At some point, you’re going to have to look outside of yourself and your partner to learn how to correct the problems that have occurred in the relationship. Young couples often create injuries early because you don’t know the rules governing healthy communication. In other instances, you fail to properly articulate your expectations to each other while you are learning about yourself and what you actually need from a mate. Lack of success in either area can lead to feelings of disappointment. Young relationships can encounter so many growing pains that put a strain on the love you feel for each other. I tell couples who have grown up together, “The most challenging tasks you have to accomplish in therapy are forgiving each other for the mistakes of your youth and seeing each other as the more mature adults you are today. If you can’t accomplish this, then this relationship will continue to feel like an outdated version of itself.” In therapy we begin to look at some of the ways you both may have let each other down, hurt each other’s feelings, and crossed lines that broke trust.

If both of you have learned new ways to handle each other and are willing to stay true to operate within the boundary lines that you’ve set and agreed upon then there is definitely hope for creating a trusting, stable relationship. However, if one or both of you are struggling to leave your partner’s or your own hurtful behaviors in the past, then it’s time for a self-check. Does this relationship currently suit your needs? Are you ready or interested in being committed to your partner at this phase of your life? Do you love your partner enough to let them go regardless of your desire to hold on to the relationship? Depending on your answers to these questions, you may need to move on from each other for now. I have experienced couples that, over time have managed to create an emotional atmosphere that was so toxic that it seemed healthier to separate. If you haven’t approached that point yet please consider leaving before you do irreparable damage.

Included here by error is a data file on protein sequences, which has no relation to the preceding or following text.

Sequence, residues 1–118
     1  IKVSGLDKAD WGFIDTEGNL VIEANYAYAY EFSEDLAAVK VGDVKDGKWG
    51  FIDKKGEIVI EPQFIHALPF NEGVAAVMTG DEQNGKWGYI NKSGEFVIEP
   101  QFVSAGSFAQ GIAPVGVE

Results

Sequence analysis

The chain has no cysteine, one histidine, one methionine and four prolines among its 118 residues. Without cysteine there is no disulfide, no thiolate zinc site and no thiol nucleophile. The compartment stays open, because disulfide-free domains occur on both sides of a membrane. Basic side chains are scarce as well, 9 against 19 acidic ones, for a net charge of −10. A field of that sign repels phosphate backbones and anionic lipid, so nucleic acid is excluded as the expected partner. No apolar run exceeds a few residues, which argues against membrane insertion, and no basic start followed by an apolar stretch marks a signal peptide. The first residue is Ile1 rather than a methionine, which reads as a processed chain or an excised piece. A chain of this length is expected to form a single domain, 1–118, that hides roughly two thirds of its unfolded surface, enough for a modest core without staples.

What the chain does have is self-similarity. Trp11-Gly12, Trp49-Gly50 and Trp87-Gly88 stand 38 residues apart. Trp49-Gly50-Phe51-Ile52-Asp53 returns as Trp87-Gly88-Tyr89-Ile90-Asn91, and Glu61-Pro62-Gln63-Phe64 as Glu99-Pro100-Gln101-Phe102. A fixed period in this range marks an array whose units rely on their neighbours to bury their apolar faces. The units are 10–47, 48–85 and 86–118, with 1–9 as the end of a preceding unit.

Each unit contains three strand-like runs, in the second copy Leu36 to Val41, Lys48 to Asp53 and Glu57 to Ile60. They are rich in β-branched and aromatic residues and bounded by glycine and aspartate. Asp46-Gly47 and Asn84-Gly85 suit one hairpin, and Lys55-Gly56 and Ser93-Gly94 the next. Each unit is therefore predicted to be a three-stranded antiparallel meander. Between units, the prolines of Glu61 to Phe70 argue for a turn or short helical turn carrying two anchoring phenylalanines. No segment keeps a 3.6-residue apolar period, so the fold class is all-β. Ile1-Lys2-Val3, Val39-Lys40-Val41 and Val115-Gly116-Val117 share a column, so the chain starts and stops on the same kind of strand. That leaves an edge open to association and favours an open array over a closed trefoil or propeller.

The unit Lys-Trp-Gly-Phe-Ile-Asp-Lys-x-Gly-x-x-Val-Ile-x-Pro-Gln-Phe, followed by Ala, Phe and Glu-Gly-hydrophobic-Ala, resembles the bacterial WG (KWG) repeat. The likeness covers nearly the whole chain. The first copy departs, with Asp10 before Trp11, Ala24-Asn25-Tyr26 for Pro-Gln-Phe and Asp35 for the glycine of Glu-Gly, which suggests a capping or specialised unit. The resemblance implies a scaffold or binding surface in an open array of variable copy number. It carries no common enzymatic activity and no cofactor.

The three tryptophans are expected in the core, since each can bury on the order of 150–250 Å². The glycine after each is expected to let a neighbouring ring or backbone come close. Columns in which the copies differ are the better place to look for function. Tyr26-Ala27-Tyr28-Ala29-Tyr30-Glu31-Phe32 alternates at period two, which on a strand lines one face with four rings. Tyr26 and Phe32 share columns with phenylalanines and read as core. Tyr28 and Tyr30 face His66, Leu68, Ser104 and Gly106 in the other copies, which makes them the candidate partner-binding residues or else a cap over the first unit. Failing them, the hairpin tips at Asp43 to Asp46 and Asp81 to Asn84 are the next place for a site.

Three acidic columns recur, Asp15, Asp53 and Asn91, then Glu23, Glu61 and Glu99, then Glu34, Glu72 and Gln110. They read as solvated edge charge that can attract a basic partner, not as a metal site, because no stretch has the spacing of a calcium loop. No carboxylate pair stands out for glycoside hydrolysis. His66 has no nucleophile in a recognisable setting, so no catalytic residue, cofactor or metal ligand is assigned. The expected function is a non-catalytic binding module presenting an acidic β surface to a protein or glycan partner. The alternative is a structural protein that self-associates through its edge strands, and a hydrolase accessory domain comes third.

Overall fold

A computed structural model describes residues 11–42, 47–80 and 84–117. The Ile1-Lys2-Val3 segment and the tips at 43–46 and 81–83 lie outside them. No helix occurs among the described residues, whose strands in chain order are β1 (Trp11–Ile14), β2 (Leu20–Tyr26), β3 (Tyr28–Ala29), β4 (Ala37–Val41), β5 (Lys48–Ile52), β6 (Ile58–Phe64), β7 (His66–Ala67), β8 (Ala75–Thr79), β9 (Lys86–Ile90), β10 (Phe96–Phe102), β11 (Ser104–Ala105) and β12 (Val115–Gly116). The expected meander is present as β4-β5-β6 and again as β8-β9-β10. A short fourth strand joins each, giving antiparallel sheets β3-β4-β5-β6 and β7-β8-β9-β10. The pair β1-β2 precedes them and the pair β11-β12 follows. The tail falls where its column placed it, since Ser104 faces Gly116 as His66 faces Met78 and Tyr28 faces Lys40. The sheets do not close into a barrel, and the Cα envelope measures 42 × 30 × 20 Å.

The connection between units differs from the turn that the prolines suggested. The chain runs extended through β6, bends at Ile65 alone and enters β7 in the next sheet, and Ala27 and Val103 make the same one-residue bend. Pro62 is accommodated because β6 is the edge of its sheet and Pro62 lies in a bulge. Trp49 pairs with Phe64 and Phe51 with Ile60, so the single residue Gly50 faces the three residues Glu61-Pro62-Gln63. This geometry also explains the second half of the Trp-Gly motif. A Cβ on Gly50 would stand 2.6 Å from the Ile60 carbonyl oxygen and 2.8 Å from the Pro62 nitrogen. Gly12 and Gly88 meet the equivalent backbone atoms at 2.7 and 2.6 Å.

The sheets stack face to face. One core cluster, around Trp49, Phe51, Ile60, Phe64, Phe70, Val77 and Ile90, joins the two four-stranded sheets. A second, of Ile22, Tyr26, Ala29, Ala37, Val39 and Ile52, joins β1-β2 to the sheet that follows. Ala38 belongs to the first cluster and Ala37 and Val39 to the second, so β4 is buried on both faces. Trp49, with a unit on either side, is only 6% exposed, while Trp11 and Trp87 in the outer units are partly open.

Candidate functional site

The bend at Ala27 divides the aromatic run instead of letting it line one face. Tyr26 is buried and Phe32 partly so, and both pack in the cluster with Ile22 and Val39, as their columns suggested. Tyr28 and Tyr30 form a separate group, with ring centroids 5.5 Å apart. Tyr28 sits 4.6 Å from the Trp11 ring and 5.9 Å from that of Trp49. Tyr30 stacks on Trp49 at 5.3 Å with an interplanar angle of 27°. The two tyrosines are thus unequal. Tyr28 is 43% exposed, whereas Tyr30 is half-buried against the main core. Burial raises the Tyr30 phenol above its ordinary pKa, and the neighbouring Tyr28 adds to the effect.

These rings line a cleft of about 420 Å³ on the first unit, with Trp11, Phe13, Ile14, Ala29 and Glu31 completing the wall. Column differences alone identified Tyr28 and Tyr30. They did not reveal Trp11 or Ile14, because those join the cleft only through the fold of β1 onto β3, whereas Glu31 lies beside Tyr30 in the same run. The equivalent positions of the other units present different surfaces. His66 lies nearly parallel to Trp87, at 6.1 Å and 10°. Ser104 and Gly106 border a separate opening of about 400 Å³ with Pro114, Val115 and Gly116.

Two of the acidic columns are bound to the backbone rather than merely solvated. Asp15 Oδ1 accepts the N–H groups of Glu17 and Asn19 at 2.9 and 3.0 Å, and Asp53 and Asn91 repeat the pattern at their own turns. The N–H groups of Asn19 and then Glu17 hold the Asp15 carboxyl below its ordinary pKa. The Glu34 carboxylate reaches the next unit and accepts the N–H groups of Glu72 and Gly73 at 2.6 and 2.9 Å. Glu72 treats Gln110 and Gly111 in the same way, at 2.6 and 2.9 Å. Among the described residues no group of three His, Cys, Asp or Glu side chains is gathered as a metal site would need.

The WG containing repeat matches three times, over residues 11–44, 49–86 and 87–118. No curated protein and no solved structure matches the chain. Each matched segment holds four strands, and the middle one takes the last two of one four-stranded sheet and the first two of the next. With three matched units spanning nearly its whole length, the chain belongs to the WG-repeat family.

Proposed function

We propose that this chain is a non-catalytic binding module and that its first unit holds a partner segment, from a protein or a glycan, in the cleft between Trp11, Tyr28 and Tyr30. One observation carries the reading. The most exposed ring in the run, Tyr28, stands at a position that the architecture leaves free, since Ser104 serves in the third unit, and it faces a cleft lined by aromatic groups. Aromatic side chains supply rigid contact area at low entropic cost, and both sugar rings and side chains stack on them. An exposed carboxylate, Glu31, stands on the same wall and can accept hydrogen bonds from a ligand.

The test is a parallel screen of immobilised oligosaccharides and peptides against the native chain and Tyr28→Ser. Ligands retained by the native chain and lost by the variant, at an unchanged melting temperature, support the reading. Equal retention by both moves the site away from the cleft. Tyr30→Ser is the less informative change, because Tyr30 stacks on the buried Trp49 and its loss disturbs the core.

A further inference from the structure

Breakups and makeups do in fact leave imprints on the relationship and make it harder for partners to trust in the stability of their commitment to each other. Lastly, if your fear of losing your partner is what’s motivating you to hang on to them while still trying to explore what another relationship can offer, please remember that the damage created by a discovered betrayal could be emotionally permanent even if your partner physically sticks around. It’s unfair to have your partner on hold while you decide if you want to be with them. Achieving maturity looks like making a decision to face the unknown versus being a less present version of yourself with your old sweetheart because you’re restless or worried about settling. Being honest with your partner about your inability to give them all of yourself can be tough; especially if they want to stay in the relationship. That’s not about you though. That’s their “stuff” and they are responsible for working through it.

You can’t live your life in the past, and you can’t live your life for your partner. Develop your own healthy identity, be true to yourself, and if you find after experiencing other relationships that your old love is truly the best for you, the decision to enter into a relationship will be a more informed one. You won’t have to wonder if you’re settling because you will finally know that you’re not.


1401 Mercantile Lane, Suite 200-G 

Largo, MD 20774 

Weena Cullins

Marriage & Family Therapist

MS  |  LCMFT

Washington, DC Metro Area

Tel: (301) 592-7244

weenacullins.com